The LGBTQIA+ Experience of Retail Brands and Spaces
Reading time: 2.5 minutes
In our pursuit of a better understanding of inclusive retail environments and brands, we reached out to members of the LGBTQIA+ community. Our aim was to gain insight into their unique experience of retail environments, and to understand whether brands were adequately meeting their needs.
Navigating Retail Spaces
Georgie, a 39-year-old influencer and presenter from Channel 4's Unique Boutique, shared their experiences as a trans, non-binary individual. Georgie's encounters with in-store shopping have often led to feelings of alienation. They recounted instances where they felt judged, stating, "People look at you like they think you're in the wrong space…they give you a look that makes you feel like they're questioning whether you belong in that space"
Georgie opts for online shopping where possible. They described their coping strategy when forced to shop in-store as a "Braveheart moment", blocking out others' opinions and confidently pursuing their shopping needs as quickly as possible.
Georgie stressed the significance of staff training in creating a welcoming store environment. They emphasised the discomfort of interacting with individuals who lack understanding and recognition. However, Georgie also pointed out that brands investing in bias training create a more inclusive atmosphere, recounting experiences with the brands that made them feel valued and human, empowering them to shop freely.
David, 50 and queer identifying believes store layouts and navigation have a way to go before catering to all body types, “Zara has the skinniest elevators and the skinniest escalators that I’ve ever come across”.
Genderless Shopping Spaces
Asked about their dream retail space, Georgie imagines a genderless shopping experience "in retail spaces where they've removed gender as a barrier and an accessibility aspect; it's just so freeing”.
H, a 25-year-old queer individual, questioned the necessity of gendered changing rooms "It's a box with a mirror and a curtain... I don't understand why it has to be gendered." H hopes for a future where brands address customers without gender assumptions.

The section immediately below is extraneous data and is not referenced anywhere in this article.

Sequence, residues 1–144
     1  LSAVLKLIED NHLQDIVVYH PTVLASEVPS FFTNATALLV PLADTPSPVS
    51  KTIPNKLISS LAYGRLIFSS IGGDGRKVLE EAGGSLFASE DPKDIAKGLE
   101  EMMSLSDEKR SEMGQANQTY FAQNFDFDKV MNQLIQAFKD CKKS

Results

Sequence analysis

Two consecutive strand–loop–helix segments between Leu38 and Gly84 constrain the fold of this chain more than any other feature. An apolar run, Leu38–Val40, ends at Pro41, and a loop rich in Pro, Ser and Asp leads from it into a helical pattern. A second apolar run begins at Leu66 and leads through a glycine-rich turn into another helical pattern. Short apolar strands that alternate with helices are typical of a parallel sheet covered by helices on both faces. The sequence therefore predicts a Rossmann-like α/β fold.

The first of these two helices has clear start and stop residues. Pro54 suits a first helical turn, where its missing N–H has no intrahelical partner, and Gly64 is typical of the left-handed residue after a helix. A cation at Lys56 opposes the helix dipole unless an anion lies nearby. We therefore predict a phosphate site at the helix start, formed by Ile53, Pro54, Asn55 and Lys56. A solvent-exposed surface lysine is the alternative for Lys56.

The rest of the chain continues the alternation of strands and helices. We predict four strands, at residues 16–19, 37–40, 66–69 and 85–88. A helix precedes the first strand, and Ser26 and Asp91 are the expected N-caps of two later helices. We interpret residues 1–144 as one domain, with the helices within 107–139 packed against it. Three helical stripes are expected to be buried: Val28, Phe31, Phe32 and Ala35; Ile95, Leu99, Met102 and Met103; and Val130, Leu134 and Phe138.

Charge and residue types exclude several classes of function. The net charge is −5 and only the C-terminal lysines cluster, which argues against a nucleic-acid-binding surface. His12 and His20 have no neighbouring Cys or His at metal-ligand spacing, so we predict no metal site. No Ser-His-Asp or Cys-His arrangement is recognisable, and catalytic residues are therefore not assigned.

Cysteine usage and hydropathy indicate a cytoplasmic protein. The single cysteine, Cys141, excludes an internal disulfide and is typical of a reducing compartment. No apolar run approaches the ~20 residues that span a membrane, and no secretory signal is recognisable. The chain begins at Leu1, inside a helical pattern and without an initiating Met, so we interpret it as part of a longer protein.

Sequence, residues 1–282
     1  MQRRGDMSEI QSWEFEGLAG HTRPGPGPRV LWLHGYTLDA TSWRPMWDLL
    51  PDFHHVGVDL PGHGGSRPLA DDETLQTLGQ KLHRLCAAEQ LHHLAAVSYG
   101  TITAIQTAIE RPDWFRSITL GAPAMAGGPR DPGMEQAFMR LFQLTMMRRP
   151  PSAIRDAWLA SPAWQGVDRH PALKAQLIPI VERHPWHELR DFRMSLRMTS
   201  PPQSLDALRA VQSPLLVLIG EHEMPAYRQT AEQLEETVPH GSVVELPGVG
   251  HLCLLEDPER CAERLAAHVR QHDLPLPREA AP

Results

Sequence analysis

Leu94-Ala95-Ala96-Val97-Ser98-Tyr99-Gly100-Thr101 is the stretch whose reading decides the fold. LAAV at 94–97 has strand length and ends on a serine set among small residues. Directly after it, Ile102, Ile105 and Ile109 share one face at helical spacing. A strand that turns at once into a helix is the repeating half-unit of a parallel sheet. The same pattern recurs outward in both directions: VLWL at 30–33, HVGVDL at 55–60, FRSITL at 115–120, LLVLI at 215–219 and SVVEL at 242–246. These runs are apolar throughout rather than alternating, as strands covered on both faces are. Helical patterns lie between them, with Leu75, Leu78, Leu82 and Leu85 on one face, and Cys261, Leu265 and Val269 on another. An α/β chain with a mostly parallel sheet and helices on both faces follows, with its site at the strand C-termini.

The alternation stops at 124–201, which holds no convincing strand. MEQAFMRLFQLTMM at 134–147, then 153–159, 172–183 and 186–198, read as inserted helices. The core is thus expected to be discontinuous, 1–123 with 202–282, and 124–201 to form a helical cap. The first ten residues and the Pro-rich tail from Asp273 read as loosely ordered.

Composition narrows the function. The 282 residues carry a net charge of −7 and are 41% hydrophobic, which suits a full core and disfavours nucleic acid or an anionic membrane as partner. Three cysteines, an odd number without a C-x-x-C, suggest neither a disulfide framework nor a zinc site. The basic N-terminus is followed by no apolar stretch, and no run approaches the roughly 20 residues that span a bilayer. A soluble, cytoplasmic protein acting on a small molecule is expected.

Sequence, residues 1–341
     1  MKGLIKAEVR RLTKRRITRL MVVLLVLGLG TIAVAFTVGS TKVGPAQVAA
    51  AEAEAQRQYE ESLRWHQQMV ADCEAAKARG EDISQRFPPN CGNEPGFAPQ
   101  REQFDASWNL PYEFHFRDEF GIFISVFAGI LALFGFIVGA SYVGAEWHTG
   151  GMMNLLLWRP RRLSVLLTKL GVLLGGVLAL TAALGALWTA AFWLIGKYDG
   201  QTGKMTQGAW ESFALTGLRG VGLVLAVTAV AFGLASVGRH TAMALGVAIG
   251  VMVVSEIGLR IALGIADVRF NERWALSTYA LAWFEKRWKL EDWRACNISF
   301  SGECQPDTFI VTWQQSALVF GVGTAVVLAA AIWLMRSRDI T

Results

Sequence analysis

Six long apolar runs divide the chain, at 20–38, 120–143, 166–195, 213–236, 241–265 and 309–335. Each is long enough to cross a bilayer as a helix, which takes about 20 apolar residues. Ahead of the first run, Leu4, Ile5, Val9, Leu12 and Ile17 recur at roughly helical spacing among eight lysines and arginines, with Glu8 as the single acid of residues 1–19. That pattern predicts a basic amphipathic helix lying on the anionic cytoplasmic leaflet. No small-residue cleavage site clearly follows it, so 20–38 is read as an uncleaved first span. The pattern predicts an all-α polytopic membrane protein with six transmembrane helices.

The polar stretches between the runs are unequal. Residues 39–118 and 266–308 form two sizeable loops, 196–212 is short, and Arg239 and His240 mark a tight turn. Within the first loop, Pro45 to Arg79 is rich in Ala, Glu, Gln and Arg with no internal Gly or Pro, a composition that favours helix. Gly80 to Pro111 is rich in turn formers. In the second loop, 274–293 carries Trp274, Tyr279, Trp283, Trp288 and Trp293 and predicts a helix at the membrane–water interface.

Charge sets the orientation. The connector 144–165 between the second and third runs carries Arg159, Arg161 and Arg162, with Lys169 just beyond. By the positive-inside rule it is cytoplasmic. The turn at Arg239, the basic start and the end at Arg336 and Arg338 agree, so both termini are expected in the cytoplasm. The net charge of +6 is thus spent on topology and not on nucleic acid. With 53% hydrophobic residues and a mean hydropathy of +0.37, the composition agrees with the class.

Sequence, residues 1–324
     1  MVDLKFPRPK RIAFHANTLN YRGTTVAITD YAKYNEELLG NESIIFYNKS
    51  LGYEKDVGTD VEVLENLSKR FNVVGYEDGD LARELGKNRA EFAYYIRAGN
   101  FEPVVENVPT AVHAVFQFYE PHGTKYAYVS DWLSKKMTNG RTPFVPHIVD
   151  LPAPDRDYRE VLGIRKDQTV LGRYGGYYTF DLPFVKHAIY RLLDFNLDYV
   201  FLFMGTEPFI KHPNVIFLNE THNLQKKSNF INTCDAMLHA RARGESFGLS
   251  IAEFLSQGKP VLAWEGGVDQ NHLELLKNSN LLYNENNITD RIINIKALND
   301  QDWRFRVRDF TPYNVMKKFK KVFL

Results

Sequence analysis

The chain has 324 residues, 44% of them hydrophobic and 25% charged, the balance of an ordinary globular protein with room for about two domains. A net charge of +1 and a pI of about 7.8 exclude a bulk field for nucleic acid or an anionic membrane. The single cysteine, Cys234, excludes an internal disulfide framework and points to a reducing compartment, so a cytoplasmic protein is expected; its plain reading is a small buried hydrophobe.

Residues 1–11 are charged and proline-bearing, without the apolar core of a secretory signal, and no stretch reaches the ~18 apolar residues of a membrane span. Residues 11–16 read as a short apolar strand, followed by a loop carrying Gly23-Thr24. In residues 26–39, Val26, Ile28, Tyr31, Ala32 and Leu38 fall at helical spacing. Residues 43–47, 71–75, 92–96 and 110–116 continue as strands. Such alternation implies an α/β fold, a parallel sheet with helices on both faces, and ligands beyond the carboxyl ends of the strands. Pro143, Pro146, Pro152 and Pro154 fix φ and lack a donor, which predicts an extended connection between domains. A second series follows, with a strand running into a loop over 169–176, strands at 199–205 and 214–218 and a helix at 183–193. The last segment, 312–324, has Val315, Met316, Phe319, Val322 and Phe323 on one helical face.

“in retail spaces where they've removed gender as a barrier and an accessibility aspect; it's just so freeing.”
Georgie / Triple Minor - Influencer & TV Presenter
Breaking Binary Norms
Gen Z Az, 25, influencer and trans rights campaigner, critiqued the lack of representation within brand campaigns and stores. He emphasised the need to deconstruct the binary shopping experience. Az celebrated online retailer Both, who cater to the trans masculine and non-binary gender queer community, for their "euphoria-inducing" inclusivity.
Support for the Community
Az highlighted the importance of brands adapting to the community's needs to foster inclusivity. They stressed that true inclusivity extended beyond physical spaces to encompass broader support for the community.
“let’s reconsider the people in the ad campaigns and have mannequins that don’t just address ableism, but a space that works for all bodies too”
David Hawkins - Stylist and TV Presenter
Holly, identifying as queer, celebrated brands like Selfridges and Flannels for authentic inclusion efforts. "Selfridges State of the Arts campaign, giving window space to queer artists…I would change my route to walk past there, which is unusual for a retail space, and Flannels digital takeover. Those two brands are doing a really good job for LGBTQIA+ representation."
David emphasises the joy in seeing real representation and retail spaces designed with consideration for everyone regardless of ableism or gender identity. “The best thing is seeing myself represented. Maybe 1% of us look like the people in the advertising campaigns…let’s reconsider the people in the ad campaigns and have mannequins that don’t just address ableism, but a space that works for all bodies too.”
01) Staff bias training can create a more welcoming environment.
02) Store layouts should cater to diverse body types.
03) Genderless shopping spaces and fitting rooms are desirable.
04) Staff should address customers without gender assumptions.
05) Real representation in campaigns and store displays is key to deconstructing the binary shopping experience.
06) Authentic inclusion efforts, such as featuring LGBTQIA+ artists and icons, are celebrated.